Severity measurement methods and judging hospital death rates for pneumonia
Department of Quantitative Health Sciences
Adolescent; Adult; Age Distribution; Aged; Aged, 80 and over; Diagnosis-Related Groups; Female; *Hospital Mortality; Humans; Logistic Models; Male; Middle Aged; Outcome Assessment (Health Care); Pneumonia; Reproducibility of Results; Sensitivity and Specificity; *Severity of Illness Index; Sex Distribution; United States
Biostatistics | Epidemiology | Health Services Research
Payers and policymakers are increasingly examining hospital mortality rates as indicators of hospital quality. To be meaningful, these death rates must be adjusted for patient severity. This research examined whether judgments about an individual hospital's risk-adjusted mortality is affected by the severity adjustment method. Data came from 105 acute care hospitals nationwide that use the Medis-Groups severity measure. The study population was 18,016 adults hospitalized in 1991 for pneumonia. Multivariable logistic models to predict in-hospital death were computed separately for 14 severity methods, controlling for patient age, sex, and diagnosis-related group (DRG). For each hospital, observed-to-expected death rates and z scores were calculated for each severity method. The overall in-hospital death rate was 9.6%. Unadjusted mortality rates for the 105 hospitals ranged from 1.4% to 19.6%. After adjusting for age, sex, DRG, and severity, 73 facilities had observed mortality rates that did not differ significantly from expected rates according to all 14 severity methods; two had rates significantly higher than expected for all 14 severity methods. For 30 hospitals, observed mortality rates differed significantly from expected rates when judged by one or more but not all 14 severity methods. Kappa analysis showed fair to excellent agreement between severity methods. The 14 severity methods agreed about relative hospital performance more often than expected by chance, but perceptions of individual hospitals' mortality rates varied using different severity adjustment methods for almost one third of facilities. Judgments about individual hospital performance using different severity adjustment approaches may reach different conclusions.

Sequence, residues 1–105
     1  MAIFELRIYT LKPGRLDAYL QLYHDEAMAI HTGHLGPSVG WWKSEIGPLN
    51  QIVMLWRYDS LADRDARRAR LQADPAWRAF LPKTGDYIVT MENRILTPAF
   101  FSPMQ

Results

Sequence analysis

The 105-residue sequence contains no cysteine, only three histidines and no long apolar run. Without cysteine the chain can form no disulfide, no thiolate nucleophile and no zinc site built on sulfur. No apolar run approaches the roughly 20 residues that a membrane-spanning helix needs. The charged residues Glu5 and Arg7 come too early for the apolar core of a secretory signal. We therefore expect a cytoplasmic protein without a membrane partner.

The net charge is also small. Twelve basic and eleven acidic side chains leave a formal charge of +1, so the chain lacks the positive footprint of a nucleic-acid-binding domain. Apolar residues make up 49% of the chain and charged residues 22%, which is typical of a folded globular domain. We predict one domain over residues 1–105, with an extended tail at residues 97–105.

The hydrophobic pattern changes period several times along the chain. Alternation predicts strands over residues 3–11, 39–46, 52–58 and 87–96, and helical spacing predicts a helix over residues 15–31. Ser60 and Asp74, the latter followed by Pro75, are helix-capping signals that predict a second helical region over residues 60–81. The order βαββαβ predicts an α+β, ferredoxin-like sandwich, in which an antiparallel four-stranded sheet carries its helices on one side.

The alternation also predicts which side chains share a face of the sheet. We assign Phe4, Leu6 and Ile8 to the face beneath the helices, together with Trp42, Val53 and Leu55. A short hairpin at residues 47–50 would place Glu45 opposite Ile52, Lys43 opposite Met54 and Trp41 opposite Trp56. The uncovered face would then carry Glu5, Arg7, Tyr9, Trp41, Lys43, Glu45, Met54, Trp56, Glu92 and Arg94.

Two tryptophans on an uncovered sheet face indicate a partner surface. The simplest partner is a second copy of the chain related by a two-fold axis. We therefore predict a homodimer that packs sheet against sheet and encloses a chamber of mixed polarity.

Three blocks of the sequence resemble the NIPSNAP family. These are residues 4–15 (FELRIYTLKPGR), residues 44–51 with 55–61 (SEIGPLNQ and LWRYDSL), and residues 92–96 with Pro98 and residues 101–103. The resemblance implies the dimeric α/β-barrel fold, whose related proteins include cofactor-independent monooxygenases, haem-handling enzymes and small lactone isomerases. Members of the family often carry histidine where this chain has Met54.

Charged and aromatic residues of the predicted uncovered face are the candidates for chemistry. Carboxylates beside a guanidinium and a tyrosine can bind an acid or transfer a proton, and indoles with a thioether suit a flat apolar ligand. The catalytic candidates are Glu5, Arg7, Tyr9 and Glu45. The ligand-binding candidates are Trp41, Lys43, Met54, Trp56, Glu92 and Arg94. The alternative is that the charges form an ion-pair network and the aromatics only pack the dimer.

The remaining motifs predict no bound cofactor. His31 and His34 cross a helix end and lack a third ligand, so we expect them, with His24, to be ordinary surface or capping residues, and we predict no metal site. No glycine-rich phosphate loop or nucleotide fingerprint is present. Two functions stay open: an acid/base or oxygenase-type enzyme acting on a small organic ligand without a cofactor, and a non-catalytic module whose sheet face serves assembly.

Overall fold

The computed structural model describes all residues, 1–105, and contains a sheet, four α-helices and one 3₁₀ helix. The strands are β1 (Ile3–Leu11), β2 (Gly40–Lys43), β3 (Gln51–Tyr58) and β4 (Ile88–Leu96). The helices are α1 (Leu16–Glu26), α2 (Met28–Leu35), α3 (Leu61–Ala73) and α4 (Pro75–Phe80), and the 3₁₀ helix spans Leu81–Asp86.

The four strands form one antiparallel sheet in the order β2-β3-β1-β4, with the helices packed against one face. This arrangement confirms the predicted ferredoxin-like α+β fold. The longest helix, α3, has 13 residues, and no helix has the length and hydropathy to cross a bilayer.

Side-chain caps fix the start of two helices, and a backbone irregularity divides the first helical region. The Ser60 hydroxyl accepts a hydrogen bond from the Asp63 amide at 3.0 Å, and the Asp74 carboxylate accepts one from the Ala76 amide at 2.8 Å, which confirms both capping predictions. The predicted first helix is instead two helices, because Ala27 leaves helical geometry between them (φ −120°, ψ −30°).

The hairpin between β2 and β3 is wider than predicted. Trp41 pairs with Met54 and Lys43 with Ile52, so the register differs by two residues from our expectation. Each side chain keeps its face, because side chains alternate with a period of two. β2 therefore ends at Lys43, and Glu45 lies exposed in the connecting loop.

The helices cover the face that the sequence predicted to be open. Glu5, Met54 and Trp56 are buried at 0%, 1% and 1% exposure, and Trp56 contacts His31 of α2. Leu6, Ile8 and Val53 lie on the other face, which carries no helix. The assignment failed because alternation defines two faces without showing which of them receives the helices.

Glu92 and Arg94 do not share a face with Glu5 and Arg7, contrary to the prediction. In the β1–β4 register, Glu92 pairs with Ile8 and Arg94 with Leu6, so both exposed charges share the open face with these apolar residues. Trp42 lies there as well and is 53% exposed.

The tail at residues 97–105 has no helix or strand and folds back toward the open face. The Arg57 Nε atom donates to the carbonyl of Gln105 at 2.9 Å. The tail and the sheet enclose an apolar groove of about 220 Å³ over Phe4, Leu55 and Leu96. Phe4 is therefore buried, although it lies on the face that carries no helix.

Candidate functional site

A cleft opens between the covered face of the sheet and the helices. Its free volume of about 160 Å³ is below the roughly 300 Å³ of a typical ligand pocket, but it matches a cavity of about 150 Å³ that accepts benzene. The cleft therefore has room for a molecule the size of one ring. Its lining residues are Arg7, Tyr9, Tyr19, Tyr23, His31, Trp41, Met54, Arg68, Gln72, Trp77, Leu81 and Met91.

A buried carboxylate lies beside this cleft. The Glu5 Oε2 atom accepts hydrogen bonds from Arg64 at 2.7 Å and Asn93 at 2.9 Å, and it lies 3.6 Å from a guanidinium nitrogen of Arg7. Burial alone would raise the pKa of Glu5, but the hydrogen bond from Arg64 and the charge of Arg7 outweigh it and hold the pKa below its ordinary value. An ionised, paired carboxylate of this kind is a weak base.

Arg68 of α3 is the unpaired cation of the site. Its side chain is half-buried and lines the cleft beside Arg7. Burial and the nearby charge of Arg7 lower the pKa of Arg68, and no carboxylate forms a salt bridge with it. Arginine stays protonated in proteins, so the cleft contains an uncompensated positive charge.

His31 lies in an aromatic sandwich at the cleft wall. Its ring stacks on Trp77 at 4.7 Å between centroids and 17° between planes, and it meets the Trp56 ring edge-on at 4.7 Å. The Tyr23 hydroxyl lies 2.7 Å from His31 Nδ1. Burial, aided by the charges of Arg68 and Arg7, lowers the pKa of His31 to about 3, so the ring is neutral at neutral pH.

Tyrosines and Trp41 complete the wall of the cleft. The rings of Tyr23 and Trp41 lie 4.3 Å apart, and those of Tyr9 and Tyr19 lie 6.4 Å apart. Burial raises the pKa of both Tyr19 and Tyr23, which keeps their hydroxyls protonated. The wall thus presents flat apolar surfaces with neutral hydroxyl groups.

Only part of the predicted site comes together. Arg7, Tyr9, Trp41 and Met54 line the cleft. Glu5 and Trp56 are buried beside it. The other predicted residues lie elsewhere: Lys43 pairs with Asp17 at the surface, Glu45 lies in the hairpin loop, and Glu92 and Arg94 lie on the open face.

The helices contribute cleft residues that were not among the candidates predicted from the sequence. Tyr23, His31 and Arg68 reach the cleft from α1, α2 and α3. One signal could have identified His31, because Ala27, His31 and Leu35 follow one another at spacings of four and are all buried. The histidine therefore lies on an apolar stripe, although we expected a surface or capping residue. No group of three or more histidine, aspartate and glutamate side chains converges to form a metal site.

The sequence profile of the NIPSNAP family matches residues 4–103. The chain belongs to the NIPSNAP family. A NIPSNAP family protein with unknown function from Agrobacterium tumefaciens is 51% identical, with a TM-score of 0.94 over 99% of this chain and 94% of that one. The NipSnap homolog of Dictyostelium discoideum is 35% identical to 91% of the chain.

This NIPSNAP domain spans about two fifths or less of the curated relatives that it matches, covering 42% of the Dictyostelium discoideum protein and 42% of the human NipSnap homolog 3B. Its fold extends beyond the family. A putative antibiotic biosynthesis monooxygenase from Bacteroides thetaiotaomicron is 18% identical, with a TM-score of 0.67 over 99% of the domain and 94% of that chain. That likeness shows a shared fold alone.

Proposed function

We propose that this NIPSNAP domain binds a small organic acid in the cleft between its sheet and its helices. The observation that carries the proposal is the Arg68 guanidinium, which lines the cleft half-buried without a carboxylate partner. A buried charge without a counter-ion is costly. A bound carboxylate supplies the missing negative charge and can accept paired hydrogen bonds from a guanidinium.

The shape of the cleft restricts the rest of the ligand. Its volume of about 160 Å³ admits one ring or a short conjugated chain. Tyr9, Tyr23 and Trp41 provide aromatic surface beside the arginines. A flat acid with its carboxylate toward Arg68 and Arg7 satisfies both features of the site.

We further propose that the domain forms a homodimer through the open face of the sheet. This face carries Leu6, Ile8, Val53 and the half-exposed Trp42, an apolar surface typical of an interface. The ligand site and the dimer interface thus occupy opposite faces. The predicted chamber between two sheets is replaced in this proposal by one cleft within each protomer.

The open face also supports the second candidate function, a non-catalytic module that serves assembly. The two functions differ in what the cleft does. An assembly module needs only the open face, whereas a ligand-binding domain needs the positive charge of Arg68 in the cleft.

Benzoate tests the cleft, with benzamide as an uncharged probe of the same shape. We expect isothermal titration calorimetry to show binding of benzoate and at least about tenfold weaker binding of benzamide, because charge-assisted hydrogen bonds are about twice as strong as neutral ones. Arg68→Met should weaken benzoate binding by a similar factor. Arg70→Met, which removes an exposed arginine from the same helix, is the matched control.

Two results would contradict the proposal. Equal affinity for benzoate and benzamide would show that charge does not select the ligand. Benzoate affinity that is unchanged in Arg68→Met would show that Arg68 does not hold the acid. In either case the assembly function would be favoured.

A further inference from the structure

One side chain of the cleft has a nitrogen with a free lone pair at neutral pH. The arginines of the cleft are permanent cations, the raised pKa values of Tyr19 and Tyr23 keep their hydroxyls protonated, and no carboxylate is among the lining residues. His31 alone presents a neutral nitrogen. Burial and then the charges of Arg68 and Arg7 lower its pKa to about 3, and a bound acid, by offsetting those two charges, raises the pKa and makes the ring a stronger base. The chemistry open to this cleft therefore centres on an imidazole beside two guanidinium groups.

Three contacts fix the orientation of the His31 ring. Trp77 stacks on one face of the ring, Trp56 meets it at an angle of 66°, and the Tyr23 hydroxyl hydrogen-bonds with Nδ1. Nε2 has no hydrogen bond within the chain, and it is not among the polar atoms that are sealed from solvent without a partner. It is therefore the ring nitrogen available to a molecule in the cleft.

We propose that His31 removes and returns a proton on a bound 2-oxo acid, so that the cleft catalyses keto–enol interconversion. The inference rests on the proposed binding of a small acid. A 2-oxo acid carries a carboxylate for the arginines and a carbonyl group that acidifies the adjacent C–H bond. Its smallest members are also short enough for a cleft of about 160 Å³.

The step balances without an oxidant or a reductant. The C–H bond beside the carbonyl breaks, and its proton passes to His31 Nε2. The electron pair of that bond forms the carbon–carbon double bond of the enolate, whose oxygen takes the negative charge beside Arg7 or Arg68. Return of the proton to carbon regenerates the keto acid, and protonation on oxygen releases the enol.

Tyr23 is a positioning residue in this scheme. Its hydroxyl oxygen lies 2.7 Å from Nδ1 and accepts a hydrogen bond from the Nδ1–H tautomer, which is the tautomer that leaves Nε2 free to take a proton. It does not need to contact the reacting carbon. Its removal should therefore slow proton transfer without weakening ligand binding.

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Citation: Med Care. 1996 Jan;34(1):11-28. Link to article on publisher's site
Iezzoni, Lisa I.; Shwartz, Michael; Ash, Arlene S.; Hughes, John S.; Daley, Jennifer; and Mackiernan, Yevgenia D., "Severity measurement methods and judging hospital death rates for pneumonia" (1996). Quantitative Health Sciences Publications and Presentations. 643.